Petersen and Sybille watch as the Titanic finally goes down, albeit in one piece, as opposed to breaking in two as we have been taught is what actually happened.
|In this version, the Titanic sinks in one piece.|
The film ends with the British maritime inquiry into the tragedy, where Petersen appears to be the only witness against Ismay. Despite Petersen’s condemnation of Ismay’s actions, the inquiry finds Captain Smith to be responsible for what happened to the ship under his command. Ismay is cleared and not held responsible. But as the epilogue text points out “the deaths of 1,500 people remain unatoned, forever a testament to Britain’s endless quest for profits.”
Part of the problem with viewing this film as effective propaganda is that I don’t know anyone who doesn’t think Bruce Ismay was a villain. Maybe no previous film about the Titanic sinking, and there had been several by the time this one was made, concentrated as much on the business side of the tragedy. Certainly, Cameron’s version of the story, which is the one everyone is most familiar with, did not make Ismay out to be a hero. He pushes Captain Smith to go faster, though I don’t remember the stock market shenanigans of the White Star board getting as much screen time as it gets in this film. In both films, Ismay, unlike most of the male passengers, survives the sinking by getting aboard a lifeboat reserved for women and children. Certainly, this is not the actions of a heroic man.
Titanic seems like an odd film to make, given Germany’s situation at the point in the war it was being made. The tide was already turning against them, so why spend the time and money on a film like this? The goal of such an endeavor seems to have failure written all over it from the get-go. What could Goebbels have expected would happen after someone watched the film? The Germans weren’t fighting the Allies to end corporate greed.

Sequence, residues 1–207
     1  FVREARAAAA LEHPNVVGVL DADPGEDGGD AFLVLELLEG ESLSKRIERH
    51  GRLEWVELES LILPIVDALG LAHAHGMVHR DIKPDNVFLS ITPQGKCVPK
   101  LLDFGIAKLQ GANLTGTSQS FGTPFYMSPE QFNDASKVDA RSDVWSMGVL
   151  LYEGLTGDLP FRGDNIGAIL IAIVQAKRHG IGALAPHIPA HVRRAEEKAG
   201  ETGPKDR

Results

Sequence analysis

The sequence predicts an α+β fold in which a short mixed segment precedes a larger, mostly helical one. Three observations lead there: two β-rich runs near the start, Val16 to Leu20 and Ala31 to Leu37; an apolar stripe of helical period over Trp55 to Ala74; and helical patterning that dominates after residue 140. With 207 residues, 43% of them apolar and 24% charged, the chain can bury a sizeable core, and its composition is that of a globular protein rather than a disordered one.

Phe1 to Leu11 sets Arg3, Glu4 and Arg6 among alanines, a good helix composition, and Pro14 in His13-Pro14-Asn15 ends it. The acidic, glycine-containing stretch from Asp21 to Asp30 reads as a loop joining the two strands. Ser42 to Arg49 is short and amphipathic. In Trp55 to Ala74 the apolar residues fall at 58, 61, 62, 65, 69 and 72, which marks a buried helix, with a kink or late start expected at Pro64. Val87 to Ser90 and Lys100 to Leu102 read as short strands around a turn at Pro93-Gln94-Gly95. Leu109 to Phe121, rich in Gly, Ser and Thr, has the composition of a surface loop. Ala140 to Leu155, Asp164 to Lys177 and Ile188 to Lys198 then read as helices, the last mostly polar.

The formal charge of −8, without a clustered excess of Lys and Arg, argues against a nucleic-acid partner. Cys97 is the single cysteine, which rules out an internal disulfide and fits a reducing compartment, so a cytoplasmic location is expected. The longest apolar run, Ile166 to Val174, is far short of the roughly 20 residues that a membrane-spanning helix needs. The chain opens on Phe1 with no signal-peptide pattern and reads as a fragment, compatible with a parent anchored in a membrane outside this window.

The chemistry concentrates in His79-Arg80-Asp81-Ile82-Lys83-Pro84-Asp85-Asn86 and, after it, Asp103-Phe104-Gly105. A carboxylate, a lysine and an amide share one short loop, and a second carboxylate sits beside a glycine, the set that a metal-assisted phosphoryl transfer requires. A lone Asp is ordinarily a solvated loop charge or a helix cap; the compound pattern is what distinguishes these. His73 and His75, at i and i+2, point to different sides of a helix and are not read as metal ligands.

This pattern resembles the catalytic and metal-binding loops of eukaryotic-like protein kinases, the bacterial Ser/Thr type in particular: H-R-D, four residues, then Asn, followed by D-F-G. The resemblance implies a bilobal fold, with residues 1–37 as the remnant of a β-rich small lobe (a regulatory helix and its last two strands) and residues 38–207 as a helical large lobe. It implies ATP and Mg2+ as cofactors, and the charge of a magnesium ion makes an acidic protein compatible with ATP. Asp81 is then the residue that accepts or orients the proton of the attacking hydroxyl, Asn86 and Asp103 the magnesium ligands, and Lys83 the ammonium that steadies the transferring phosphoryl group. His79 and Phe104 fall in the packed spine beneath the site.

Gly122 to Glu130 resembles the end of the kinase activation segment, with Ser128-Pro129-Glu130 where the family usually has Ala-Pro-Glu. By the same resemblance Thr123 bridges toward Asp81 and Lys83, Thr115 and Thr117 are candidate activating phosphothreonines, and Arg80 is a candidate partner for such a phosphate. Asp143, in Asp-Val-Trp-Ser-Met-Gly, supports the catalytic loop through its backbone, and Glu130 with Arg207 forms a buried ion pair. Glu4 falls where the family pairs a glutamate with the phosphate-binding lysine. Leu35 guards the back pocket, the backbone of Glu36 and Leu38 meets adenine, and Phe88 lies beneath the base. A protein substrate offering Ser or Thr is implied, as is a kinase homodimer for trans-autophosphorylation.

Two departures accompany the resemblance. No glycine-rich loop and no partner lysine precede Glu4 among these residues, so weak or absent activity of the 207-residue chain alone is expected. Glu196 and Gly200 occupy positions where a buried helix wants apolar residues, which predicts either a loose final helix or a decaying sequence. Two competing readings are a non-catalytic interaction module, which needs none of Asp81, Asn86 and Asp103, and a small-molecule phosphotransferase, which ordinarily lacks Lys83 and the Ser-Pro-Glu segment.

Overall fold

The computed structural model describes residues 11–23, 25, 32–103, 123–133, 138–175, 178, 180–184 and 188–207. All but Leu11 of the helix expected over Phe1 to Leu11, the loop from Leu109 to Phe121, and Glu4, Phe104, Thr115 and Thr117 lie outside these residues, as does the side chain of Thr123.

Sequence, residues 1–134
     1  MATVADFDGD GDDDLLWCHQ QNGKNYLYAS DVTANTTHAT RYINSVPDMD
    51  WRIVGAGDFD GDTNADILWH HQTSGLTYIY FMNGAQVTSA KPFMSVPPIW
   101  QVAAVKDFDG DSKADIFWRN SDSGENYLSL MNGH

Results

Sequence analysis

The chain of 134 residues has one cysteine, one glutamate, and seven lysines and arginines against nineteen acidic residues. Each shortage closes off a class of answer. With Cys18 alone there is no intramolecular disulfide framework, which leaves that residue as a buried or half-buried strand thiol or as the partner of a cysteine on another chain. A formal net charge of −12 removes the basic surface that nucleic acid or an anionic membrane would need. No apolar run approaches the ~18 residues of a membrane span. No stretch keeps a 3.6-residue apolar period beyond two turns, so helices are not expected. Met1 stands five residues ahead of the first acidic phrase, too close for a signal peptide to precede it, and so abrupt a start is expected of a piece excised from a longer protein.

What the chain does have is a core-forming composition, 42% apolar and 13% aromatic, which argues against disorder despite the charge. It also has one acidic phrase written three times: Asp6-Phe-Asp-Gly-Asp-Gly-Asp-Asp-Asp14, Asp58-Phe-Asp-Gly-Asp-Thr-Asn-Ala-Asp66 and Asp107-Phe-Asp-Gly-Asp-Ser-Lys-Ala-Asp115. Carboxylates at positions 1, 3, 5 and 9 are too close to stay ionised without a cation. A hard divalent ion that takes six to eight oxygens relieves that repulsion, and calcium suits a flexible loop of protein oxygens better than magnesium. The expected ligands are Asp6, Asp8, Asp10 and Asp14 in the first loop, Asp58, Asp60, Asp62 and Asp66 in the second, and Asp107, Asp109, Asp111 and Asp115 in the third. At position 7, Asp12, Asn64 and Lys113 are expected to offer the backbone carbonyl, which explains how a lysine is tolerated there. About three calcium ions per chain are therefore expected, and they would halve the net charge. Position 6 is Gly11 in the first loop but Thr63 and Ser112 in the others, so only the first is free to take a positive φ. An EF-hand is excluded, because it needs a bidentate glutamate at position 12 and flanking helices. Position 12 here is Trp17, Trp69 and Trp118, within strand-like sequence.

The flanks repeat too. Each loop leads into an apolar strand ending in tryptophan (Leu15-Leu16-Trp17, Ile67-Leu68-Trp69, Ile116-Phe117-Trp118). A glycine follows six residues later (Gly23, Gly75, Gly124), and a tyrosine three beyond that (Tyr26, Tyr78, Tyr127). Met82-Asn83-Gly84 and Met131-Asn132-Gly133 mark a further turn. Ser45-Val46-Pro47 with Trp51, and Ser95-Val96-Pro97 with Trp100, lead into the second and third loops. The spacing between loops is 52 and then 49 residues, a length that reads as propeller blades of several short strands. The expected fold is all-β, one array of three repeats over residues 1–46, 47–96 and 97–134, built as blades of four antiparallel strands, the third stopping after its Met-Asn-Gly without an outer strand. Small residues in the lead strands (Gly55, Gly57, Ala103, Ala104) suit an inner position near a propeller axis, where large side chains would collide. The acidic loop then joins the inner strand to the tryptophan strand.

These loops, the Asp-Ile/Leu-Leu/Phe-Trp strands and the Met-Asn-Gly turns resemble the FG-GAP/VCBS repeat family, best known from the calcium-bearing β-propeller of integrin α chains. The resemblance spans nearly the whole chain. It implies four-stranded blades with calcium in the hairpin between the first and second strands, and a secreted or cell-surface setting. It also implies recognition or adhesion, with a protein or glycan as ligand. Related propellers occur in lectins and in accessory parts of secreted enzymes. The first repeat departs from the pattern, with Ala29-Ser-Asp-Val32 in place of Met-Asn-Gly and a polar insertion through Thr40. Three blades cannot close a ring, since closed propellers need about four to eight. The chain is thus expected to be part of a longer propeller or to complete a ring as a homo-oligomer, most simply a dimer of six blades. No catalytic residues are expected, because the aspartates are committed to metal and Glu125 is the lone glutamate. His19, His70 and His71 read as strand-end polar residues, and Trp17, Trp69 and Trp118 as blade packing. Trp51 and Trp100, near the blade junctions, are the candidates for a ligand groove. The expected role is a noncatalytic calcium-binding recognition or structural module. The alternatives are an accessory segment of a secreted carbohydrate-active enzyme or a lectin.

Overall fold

In the end, Goebbels banned the film from being shown in Germany, since by then the Allies were already bombing almost nightly and the German people weren’t in the mood for a film about mass death and panic. Further, undercutting the film’s effectiveness was that seeing steerage separated from the rest of the passengers by locked gates was similar to the situation going on in Germany’s many concentration camps at the time. Desperation to survive against all odds was nothing new and not escapist fare.
The movie did get released in German-occupied Europe, but at the end of the war was considered lost. Found in 1949, the film was almost immediately banned in most of Western-Europe, but dubbed in Russian by the Soviets and screened across the Eastern-bloc as a sort of “trophy” film from the war.
It’s hard to view a Nazi propaganda film with an attitude better than detached disinterest. Obviously, I don’t condone Nazi atrocities or their goals and aims. But when I heard this film existed, I had to admit I was curious about it. I can’t really comment on the film’s production values without sounding like this is a film I would take seriously. However, footage from this Titanic did find its way into 1958’s A Night to Remember, including two clips of the engine room flooding.
I would say that this is not a film you need to watch. I’m not sure which, if any, Titanic-based films I would really recommend. The ones I’ve seen, and I’ve not seen them all, have their pluses and minuses. While one may have way better special effects (Cameron’s Titanic), another may do a much better job concentrating on the actual events and the people involved. 1514 people perished when the RMS Titanic sank on April 15, 1912. There is no need, in my opinion, to mix in fictional characters with real people in order to show the breadth of the tragedy.